subscriber via Provisioning to check if the endpoints are still alive and responsive. Both endpoints can renegotiate the timer
within a configurable range. All values can be tuned using the Admin Panel or the APIs using Peer-, Domain- and Subscriber-
Preferences.

Tip
Keep in mind that the values being used in the signaling are always half the value being configured. So if you want to send a
keep-alive every 300 seconds, you need to provision sst_expires to 600.

If one of the endpoints doesn’t respond to the keep-alive messages or answers with 481 Call/Transaction Does Not
Exist, then the call is torn down on both sides. This mechanism prevents excessive over-billing of calls if one of the endpoints
is not reachable anymore or "forgets" about the call. The BYE message sent by the B2BUA triggers a stop-record for accounting
and also closes the media ports on the Media Relay to stop the call.

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Beside the Session-Timer mechanism to prevent calls from being lost or kept open, there is a maximum call length of 21600
seconds per default defined in the B2BUA. This is a security/anti-fraud mechanism to prevent overly long calls causing excessive
costs.

Voicebox Calls

Calls to the Voicebox (both for callers leaving a voicemail message and for voicebox owners managing it via the IVR menu) are
passed directly from the SIP proxy to the App-Server without a B2BUA. The App-Server maintains its own timers, so there is no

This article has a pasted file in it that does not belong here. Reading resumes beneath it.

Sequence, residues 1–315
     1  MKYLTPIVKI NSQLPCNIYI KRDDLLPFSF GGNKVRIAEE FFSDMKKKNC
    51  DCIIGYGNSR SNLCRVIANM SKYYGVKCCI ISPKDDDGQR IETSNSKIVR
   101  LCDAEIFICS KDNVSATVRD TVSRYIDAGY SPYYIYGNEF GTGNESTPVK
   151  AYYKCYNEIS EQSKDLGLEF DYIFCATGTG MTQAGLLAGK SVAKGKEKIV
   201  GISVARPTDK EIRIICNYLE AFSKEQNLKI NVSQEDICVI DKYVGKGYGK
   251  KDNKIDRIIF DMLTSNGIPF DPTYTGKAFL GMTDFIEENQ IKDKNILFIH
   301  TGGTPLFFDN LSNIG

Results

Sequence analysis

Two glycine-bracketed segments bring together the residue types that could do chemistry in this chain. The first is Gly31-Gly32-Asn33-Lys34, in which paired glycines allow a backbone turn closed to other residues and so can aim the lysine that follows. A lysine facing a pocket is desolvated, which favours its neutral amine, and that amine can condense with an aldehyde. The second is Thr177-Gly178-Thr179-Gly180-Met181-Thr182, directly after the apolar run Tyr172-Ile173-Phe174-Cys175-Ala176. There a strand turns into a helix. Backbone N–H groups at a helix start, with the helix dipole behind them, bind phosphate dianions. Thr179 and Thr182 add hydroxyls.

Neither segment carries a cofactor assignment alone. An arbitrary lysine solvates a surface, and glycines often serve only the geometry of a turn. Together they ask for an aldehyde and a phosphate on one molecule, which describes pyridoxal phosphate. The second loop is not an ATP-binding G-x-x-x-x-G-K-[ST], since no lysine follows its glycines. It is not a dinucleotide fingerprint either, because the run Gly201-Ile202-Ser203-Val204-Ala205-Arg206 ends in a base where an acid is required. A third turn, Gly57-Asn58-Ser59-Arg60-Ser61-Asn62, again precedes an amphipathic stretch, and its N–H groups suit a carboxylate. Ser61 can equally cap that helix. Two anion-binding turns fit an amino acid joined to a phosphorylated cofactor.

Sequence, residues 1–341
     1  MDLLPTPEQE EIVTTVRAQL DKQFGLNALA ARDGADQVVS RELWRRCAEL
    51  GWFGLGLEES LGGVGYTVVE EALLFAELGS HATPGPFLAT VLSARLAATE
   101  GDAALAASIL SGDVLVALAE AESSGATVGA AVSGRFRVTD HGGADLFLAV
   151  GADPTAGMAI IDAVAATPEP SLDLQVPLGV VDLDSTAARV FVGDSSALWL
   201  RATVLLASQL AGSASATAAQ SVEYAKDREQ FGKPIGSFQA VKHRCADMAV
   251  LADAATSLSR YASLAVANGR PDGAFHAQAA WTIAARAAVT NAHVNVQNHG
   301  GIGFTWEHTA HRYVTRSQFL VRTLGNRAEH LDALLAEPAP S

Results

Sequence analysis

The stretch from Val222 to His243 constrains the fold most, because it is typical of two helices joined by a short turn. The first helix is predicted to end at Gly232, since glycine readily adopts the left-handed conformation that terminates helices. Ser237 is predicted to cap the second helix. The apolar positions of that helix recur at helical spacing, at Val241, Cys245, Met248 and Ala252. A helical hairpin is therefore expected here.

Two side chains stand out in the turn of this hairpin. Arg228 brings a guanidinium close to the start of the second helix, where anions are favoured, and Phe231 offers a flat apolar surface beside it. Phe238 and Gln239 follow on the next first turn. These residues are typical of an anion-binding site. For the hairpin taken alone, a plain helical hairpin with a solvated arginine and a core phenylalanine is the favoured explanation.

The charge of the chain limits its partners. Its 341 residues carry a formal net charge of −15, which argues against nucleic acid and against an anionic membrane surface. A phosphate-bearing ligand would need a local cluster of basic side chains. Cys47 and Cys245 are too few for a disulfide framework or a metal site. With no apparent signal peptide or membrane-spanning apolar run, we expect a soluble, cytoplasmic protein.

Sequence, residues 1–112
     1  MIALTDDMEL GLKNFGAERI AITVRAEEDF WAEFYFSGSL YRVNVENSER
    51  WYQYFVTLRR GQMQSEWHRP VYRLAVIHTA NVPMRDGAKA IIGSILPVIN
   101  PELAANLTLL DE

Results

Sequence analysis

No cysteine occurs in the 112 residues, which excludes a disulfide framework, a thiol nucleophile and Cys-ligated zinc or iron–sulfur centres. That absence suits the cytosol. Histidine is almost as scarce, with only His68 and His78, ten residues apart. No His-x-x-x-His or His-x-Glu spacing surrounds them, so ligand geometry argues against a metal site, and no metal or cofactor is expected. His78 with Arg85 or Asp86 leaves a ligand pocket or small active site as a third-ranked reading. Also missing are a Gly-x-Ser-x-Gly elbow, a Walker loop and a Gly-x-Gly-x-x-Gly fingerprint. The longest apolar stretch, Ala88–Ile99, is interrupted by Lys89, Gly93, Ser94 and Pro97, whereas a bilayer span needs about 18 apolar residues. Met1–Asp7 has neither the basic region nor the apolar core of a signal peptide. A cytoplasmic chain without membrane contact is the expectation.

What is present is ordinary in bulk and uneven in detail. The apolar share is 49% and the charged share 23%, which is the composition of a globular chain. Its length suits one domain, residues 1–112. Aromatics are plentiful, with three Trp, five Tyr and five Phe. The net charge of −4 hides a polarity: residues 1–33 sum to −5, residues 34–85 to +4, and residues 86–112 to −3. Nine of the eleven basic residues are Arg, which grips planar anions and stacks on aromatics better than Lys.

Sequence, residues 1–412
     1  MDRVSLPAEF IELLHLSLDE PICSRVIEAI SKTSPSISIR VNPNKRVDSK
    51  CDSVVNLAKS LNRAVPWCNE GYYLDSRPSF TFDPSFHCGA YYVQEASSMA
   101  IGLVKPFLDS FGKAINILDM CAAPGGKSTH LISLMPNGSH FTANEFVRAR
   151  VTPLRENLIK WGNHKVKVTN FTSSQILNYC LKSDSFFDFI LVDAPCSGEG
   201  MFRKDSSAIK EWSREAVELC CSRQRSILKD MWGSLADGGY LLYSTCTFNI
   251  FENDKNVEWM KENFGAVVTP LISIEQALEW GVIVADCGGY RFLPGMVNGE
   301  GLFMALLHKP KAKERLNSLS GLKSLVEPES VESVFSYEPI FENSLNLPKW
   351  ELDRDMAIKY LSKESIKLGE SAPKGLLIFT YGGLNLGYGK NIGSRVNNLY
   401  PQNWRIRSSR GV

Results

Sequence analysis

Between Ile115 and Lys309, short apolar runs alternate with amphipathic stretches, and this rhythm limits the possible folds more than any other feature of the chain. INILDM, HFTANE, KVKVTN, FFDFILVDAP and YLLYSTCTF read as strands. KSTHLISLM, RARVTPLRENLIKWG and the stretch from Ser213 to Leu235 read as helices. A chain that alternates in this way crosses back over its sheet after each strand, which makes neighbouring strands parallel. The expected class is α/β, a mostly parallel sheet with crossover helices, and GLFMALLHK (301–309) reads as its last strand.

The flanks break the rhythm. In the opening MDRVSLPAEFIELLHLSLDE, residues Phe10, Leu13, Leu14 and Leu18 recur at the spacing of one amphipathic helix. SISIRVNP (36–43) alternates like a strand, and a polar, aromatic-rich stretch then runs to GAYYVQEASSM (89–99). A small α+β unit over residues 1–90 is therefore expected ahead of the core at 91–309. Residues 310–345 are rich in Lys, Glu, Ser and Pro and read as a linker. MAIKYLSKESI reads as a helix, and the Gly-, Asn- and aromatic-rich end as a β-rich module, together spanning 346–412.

risk of over-billing or overly long calls.

In such a case where an endpoint talks via the Media Relay to a system-internal endpoint, the Media Relay bridges the media
streams between the public in the system-internal network.

In case of an endpoint leaving a new message on the voicebox, the Message-Waiting-Indication (MWI) mechanism triggers the
sending of a unsolicited NOTIFY message, passing the number of new messages in the body. As soon as the voicebox owner
dials into his voicebox (e.g. by calling sip:voicebox@example.org from his SIP account), another NOTIFY message is
sent to his devices, resetting the number of new messages.

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Important
The sip:provider CE does not require your device to subscribe to the MWI service by sending a SUBSCRIBE (it would
rather reject it). On the other hand, the endpoints need to accept unsolicited NOTIFY messages (that is, a NOTIFY
without a valid subscription), otherwise the MWI service will not work with these endpoints.

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3 Upgrading from previous versions